New York Senator Charles Schumer is calling on the Federal Trade Commission (FTC) to investigate OnStar’s new privacy policy that tracks customers even after they cancel the service, and selling the data of customers and former customers to third parties.

Schumer sent a letter to FTC Chairman Jon Leibowitz, calling on the FTC to “launch a full investigation to determine whether the company’s actions constitute an unfair trade practice,” according to a press release. He also sent a letter to OnStar Executive Director Linda Marshall calling on him to revise the policy.

“By tracking drivers even after they’ve cancelled their service, OnStar is attempting one of the most brazen invasions of privacy in recent memory,” Schumer said.

OnStar uses GPS technology and a car-to-company connection to track locations of drivers and give other services. They can use this access to give directions or call for help if there’s a car accident. This access gives them other information, however, giving them a record of each vehicle including its speed, whether people in the vehicle wore seat-belts, data on their odometer, and other information.

They used to cancel the two-way communication system between a customer’s car and the company if the service was cancelled, but under the new policy, they keep this access. According to Schumer’s website, “OnStar has said that it will retain connectivity to the vehicle unless the consumer specifically and explicitly requests that the connectivity be terminated. Simple termination of the service contract will no longer suffice to end the tracking.

OnStar’s new privacy policy on collecting data even after customers cancel the service reads as follows:

Please note: changing your communication preferences will only stop delivery of marketing-related communications. We may continue to send you important service or account related information via these channels. We may also send you important messages using the OnStar system in your car to provide you with information regarding important service or account issues or to notify you about the deactivation of your OnStar service. You may choose not to receive these types of messages by contacting us as outlined above.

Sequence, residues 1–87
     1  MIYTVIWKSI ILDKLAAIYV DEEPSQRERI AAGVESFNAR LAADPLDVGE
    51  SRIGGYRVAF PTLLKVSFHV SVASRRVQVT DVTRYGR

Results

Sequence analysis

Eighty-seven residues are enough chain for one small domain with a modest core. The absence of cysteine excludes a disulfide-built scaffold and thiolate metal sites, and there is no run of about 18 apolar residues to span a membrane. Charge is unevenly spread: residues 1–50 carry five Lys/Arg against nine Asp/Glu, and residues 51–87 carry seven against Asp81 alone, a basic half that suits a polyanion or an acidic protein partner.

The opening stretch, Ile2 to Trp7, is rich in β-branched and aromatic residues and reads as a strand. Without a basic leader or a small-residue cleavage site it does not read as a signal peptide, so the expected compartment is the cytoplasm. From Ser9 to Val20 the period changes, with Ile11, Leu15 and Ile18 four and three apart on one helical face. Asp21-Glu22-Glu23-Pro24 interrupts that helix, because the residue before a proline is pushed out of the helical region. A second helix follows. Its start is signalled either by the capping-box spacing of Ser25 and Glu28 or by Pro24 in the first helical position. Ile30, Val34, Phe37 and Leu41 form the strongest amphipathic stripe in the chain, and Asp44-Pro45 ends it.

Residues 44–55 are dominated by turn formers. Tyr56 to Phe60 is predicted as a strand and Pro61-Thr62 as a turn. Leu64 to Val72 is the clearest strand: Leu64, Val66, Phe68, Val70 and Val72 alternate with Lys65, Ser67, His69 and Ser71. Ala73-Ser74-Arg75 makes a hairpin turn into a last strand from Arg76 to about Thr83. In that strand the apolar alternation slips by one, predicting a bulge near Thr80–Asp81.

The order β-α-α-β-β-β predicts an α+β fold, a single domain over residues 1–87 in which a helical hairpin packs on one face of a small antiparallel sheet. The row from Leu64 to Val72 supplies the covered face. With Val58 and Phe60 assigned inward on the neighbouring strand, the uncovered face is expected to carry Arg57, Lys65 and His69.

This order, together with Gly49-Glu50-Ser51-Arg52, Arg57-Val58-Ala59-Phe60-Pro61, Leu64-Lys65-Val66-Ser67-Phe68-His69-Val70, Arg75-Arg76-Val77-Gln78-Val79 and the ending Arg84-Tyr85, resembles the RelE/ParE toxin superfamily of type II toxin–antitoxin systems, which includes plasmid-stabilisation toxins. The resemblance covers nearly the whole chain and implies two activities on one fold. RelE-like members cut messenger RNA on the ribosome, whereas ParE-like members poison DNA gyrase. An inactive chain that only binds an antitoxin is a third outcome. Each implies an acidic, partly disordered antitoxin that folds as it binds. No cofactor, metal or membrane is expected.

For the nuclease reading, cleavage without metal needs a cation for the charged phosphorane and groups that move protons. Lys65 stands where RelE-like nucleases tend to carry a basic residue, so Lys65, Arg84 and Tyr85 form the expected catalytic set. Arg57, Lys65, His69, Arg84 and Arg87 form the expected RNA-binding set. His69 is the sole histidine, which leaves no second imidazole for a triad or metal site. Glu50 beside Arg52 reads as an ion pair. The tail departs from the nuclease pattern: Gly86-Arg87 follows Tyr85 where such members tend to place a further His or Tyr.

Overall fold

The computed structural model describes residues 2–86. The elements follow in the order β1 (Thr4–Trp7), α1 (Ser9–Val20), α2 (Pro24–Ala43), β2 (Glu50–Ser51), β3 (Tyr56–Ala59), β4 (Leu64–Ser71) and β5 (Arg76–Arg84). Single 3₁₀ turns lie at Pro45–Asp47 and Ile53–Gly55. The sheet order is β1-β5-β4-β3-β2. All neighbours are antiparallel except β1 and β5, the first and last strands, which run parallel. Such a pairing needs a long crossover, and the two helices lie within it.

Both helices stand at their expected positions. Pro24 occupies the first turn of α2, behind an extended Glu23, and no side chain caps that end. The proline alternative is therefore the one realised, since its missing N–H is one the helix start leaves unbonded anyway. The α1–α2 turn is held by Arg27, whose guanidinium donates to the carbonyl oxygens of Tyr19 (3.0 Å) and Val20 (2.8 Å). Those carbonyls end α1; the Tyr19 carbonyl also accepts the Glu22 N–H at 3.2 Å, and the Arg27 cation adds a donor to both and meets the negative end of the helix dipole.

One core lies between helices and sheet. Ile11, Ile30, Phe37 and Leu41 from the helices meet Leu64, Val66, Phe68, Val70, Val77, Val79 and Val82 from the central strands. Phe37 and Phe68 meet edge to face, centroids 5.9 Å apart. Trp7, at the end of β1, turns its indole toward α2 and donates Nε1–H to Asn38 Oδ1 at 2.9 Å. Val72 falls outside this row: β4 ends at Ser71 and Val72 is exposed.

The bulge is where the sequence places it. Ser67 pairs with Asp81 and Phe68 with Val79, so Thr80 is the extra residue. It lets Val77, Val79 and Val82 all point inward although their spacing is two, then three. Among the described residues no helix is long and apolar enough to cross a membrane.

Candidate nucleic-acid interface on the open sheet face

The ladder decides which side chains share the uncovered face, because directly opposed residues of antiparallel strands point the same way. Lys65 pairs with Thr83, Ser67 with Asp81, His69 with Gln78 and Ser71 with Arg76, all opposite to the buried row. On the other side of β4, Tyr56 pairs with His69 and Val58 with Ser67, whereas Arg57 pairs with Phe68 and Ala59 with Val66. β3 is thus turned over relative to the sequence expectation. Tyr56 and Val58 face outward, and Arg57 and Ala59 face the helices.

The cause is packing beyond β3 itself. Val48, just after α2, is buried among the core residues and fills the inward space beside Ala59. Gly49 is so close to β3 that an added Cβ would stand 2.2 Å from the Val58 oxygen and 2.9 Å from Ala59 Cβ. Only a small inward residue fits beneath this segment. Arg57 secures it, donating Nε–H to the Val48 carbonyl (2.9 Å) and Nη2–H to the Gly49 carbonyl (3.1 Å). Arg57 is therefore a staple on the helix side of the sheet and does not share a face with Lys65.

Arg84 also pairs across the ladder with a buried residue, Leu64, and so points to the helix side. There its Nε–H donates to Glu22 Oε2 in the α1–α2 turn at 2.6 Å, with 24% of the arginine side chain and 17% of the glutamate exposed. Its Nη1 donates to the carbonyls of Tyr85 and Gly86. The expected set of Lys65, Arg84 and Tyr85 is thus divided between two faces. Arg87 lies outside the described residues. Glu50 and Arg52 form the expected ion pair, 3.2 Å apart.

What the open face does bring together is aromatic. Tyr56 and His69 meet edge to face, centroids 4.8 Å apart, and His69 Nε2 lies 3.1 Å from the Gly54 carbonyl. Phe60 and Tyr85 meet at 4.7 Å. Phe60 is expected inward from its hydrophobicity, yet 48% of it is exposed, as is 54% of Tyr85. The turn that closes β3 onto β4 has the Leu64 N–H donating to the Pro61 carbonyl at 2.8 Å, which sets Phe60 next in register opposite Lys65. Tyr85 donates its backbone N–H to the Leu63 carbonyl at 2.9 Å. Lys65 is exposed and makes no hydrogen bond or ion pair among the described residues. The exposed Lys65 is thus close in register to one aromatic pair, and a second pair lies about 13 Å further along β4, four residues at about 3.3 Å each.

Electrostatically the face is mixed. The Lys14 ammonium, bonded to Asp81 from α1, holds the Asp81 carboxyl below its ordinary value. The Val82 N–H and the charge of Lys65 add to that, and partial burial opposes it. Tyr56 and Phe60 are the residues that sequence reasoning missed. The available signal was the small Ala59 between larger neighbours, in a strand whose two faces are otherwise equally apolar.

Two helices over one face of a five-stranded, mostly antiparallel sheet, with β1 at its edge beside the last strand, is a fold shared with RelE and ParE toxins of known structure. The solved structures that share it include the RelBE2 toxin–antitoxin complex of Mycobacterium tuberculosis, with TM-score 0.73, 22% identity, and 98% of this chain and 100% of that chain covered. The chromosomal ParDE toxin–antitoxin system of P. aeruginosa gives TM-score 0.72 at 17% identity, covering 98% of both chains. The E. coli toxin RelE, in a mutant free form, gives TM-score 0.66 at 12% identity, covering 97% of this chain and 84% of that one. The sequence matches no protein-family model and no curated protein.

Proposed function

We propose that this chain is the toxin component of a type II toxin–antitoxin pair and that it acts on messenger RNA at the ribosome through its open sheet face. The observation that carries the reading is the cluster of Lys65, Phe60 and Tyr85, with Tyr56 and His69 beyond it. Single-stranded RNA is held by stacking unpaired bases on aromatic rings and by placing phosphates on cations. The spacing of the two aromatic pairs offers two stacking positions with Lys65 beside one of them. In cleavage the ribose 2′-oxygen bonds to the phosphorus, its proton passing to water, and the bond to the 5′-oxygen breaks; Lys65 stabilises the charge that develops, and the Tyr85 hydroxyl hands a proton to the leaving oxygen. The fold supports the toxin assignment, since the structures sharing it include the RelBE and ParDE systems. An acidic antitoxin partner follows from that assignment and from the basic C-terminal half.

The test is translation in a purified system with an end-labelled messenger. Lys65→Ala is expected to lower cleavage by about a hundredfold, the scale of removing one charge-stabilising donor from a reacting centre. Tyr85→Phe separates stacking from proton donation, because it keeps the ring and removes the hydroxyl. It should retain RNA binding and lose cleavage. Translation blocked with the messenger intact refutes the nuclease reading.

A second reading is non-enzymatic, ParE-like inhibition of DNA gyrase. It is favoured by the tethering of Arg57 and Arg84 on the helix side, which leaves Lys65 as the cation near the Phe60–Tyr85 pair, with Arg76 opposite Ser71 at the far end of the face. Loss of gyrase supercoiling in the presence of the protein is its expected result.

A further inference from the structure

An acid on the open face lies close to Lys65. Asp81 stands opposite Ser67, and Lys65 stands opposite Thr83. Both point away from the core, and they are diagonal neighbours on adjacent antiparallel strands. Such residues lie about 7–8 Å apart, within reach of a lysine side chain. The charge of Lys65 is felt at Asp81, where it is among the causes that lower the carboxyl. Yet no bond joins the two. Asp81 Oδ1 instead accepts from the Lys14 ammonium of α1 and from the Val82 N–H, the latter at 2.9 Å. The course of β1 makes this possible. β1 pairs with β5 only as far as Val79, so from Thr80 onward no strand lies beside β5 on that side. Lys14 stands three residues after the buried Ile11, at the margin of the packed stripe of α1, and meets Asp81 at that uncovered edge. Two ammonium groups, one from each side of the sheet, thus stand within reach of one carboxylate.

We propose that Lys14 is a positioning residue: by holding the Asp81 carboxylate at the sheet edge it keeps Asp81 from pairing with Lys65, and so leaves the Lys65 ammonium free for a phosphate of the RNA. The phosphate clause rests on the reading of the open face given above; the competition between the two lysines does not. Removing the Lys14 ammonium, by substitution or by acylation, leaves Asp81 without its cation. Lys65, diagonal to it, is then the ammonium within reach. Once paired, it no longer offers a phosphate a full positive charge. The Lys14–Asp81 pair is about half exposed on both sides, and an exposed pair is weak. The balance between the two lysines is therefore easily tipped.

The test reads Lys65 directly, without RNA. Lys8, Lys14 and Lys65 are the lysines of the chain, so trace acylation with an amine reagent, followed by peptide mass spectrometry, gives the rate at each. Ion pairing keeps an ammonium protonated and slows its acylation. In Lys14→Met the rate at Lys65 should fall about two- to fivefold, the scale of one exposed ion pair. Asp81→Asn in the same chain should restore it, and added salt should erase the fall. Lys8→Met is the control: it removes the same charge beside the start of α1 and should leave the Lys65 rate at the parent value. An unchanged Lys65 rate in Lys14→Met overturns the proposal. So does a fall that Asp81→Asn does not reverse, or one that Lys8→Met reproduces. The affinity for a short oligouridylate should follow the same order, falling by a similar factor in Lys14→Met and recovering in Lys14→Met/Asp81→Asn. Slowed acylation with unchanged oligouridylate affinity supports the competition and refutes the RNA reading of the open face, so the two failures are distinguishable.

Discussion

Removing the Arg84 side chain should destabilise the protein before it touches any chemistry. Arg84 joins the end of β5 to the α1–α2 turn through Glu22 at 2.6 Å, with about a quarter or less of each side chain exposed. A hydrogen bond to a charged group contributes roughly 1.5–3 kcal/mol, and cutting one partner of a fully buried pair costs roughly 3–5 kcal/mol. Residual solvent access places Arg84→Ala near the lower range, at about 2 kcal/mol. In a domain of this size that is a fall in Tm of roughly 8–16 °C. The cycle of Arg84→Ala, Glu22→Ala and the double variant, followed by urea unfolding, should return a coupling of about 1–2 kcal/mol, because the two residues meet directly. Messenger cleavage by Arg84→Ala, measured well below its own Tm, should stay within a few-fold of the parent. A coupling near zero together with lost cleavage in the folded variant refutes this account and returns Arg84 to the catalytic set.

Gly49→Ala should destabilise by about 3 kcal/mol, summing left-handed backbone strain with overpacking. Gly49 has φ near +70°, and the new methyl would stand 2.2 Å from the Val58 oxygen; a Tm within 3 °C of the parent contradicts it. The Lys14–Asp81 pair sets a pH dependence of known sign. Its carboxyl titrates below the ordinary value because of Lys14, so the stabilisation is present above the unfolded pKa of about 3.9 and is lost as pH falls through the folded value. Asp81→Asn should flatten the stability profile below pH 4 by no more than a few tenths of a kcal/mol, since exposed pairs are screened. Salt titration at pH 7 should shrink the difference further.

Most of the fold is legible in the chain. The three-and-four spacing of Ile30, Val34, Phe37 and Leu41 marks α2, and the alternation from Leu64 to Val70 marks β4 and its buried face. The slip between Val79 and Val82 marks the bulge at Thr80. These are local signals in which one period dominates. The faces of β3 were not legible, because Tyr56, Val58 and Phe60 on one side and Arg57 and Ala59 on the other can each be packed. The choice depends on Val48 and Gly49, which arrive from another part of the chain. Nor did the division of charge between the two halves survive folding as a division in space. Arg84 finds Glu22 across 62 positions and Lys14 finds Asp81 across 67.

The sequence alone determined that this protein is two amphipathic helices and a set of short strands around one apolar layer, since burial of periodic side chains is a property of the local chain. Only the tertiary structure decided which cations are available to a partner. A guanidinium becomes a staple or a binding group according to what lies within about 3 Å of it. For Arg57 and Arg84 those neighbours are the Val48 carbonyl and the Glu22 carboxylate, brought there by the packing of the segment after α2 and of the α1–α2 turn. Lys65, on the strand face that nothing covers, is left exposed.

OnStar’s new privacy policy on sharing information with third parties reads as follows:

OnStar is able to provide a safer, more convenient driving experience by sharing selected information with selected parties.

This would include sharing selected information with roadside assistance providers, emergency service providers, the police, our wireless service providers, credit card processors, data management companies, and others, as may be required to deliver the OnStar services. We may also share information we collect about you or your car as required by law, or to protect the safety of you or others.

We may also share information we collect about you or your car with the following (this does not include the sharing of the location or speed of your car, or your safety belt usage or credit card information):

the maker of your car*; its subsidiaries, affiliates, a successor or an assignee of a significant part of your car maker’s or OnStar’s business, to enable it to evaluate or research the safety, quality, usage and functionality of its cars, to contact you with important information about your car or for marketing purposes;

your dealer, to assist it in servicing your car or for marketing purposes;

your satellite radio provider and our wireless service providers, to enable them to contact you with important information about your satellite or wireless services or for marketing purposes;

your fleet company, if you drive a car that is part of a fleet;

your rental company, if you drive a rental car; and

any third party on an anonymized basis

About The Author

Joshua Philipp is the founder and editor of He's also an award-winning journalist at Epoch Times.

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